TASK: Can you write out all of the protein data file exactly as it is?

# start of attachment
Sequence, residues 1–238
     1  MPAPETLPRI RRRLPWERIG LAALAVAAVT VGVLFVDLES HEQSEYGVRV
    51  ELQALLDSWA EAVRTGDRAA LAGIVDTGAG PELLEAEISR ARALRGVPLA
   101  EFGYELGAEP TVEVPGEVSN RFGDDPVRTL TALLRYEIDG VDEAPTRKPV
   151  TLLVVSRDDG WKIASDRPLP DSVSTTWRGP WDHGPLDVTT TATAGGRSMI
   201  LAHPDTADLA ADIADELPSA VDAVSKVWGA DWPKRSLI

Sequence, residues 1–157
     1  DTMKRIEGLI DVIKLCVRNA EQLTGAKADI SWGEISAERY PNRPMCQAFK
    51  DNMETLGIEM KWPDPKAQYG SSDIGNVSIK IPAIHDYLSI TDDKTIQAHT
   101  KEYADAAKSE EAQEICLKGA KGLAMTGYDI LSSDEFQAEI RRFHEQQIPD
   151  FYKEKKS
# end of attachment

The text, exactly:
Sequence, residues 1–238
     1  MPAPETLPRI RRRLPWERIG LAALAVAAVT VGVLFVDLES HEQSEYGVRV
    51  ELQALLDSWA EAVRTGDRAA LAGIVDTGAG PELLEAEISR ARALRGVPLA
   101  EFGYELGAEP TVEVPGEVSN RFGDDPVRTL TALLRYEIDG VDEAPTRKPV
   151  TLLVVSRDDG WKIASDRPLP DSVSTTWRGP WDHGPLDVTT TATAGGRSMI
   201  LAHPDTADLA ADIADELPSA VDAVSKVWGA DWPKRSLI

Sequence, residues 1–157
     1  DTMKRIEGLI DVIKLCVRNA EQLTGAKADI SWGEISAERY PNRPMCQAFK
    51  DNMETLGIEM KWPDPKAQYG SSDIGNVSIK IPAIHDYLSI TDDKTIQAHT
   101  KEYADAAKSE EAQEICLKGA KGLAMTGYDI LSSDEFQAEI RRFHEQQIPD
   151  FYKEKKS